Since the collapse of the Soviet Union, the Kyrgyz Republic has made significant progress in adopting market-based reforms, with private sector development as the key engine of growth. Nevertheless, growth has occurred largely from natural resource exploitation and remittances-backed private consumption.
In 2009, the government of Uzbekistan launched the Rural Housing Scheme (RHS), involving the construction of new houses for the rural population throughout the country. The RHS was designed to reduce the disparities between urban and rural populations by channeling rural savings into housing investments to improve living standards and utilizing local contractors and construction materials to g
Limited access to medium-term credit has long been a key constraint in the development of Kazakhstan’s small and medium enterprises (SMEs), restraining their ability to exploit investment opportunities, increase employment, and contribute to sustainable growth. To help address this constraint, the Asian Development Bank (ADB), approved in September 2010 a multitranche financing facility (MFF)
Besides public sector jobs, the micro, small, and medium enterprise (MSME) sector is deemed crucial in ensuring women’s economic participation in Armenia. Notwithstanding this, women MSMEs comprised only 32% of the registered MSMEs in 2012. This low ratio was attributable to women’s lack of business skills, knowledge, confidence, and access to networks and credit.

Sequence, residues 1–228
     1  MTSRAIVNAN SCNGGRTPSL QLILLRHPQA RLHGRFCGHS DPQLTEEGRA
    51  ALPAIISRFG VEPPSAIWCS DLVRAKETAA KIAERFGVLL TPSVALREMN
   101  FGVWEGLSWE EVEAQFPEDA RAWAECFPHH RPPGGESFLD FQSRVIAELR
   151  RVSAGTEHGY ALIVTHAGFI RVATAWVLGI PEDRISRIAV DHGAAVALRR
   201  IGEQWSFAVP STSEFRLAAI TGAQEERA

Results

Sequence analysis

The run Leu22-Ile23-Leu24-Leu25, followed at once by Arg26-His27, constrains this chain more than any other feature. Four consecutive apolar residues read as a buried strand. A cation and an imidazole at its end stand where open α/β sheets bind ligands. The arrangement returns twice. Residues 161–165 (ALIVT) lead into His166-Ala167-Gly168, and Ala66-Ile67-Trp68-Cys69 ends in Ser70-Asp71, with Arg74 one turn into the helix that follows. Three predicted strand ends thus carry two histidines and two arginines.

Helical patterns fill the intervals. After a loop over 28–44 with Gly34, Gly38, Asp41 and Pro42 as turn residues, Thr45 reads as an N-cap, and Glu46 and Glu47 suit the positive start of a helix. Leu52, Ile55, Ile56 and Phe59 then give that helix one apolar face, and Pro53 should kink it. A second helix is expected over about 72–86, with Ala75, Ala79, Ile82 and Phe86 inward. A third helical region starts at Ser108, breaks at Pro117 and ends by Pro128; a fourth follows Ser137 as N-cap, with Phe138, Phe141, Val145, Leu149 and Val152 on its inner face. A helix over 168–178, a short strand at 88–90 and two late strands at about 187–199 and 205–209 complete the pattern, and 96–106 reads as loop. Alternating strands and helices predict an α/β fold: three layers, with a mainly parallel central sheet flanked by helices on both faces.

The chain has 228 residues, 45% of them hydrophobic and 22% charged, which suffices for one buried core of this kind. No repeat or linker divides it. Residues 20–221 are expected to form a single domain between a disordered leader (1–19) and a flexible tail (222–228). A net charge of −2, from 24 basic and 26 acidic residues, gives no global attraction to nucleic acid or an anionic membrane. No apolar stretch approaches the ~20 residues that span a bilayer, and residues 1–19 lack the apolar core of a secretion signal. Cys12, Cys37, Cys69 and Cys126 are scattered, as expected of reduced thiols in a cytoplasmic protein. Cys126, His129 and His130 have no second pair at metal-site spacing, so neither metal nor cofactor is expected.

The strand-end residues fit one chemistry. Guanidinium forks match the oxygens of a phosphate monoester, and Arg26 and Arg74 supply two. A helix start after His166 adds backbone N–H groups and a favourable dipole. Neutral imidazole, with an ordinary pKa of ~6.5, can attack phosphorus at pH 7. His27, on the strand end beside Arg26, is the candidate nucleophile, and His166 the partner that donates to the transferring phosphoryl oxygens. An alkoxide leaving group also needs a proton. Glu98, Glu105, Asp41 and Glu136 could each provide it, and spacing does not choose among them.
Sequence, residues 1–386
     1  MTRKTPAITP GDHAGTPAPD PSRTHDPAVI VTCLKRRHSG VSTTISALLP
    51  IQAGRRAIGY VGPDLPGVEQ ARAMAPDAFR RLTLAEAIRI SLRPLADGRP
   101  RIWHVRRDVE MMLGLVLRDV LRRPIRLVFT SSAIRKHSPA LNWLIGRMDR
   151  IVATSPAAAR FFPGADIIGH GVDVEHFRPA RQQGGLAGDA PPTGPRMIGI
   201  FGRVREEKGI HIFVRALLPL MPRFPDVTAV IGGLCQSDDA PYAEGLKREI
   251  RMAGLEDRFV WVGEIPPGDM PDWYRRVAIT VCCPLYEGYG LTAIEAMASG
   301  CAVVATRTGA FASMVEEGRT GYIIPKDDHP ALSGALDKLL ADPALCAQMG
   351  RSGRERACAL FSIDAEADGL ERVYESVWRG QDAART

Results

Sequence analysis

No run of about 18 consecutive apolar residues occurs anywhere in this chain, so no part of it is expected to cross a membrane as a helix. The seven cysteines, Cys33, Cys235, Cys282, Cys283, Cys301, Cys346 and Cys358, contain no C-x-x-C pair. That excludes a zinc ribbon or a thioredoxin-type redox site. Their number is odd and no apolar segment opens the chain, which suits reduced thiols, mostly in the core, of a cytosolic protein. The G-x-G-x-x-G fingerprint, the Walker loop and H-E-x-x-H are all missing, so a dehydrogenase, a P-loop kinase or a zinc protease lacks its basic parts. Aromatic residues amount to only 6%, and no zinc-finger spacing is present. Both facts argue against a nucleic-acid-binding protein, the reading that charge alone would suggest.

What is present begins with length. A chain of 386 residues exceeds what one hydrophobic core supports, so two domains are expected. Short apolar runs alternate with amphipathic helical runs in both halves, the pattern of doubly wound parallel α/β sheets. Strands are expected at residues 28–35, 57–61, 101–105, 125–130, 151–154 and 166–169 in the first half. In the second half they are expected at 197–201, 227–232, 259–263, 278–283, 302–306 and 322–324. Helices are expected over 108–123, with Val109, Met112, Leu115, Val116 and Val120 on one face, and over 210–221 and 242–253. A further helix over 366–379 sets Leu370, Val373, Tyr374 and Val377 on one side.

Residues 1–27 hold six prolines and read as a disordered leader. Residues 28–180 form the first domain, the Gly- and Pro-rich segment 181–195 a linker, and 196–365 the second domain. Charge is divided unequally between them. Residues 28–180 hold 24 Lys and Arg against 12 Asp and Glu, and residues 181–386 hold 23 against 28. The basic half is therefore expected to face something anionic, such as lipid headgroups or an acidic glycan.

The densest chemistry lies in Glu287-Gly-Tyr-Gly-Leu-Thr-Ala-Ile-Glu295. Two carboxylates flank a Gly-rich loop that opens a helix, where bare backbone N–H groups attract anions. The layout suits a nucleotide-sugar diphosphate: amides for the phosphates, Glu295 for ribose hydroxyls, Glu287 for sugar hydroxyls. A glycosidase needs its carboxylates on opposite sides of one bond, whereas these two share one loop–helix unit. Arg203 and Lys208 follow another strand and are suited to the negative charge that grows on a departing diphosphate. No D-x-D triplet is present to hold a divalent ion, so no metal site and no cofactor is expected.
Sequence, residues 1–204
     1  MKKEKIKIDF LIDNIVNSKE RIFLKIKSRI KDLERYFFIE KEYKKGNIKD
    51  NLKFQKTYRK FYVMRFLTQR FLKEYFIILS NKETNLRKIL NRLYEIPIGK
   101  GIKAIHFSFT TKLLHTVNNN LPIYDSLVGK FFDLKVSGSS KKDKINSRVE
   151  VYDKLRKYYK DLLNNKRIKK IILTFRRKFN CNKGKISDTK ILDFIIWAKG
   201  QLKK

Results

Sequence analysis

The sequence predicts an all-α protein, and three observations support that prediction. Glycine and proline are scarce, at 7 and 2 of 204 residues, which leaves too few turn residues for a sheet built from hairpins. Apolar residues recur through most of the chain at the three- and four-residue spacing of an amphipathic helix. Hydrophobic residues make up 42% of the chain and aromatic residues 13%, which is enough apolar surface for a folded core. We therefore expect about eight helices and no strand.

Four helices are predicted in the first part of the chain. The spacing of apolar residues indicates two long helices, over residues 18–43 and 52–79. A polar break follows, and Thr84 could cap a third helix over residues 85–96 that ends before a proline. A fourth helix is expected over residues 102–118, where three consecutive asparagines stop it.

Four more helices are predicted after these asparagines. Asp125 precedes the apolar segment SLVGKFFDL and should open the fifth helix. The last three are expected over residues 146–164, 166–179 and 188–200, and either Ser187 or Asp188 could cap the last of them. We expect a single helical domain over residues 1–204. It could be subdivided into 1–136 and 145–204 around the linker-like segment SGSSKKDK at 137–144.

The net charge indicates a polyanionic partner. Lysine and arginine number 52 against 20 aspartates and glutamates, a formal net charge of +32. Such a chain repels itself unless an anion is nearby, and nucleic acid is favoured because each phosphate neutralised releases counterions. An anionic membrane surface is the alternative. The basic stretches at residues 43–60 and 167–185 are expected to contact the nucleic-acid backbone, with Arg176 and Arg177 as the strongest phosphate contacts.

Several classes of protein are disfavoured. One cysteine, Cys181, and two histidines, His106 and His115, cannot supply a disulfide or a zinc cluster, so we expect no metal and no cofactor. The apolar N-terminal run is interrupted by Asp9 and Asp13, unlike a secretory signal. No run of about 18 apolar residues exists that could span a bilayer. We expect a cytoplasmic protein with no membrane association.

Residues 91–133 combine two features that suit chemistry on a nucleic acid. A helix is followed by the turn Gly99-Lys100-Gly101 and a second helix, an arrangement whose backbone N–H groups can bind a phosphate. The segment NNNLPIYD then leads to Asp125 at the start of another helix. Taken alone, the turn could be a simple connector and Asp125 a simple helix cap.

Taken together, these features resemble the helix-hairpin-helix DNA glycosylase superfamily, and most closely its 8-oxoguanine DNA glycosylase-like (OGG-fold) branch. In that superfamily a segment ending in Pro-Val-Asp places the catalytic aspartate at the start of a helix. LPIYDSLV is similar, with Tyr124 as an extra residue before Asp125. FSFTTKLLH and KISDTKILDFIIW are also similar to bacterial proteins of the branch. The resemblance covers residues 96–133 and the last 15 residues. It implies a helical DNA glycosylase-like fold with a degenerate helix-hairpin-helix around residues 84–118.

At project preparation in 2012, women and rural small businesses in Uzbekistan had limited access to credit, restricting their growth and capacity to become more efficient and profitable, and thus contribute more fully to overall economic growth and development. While this was largely due to small businesses’ inability to meet high collateral requirements, weak institutional capacity especiall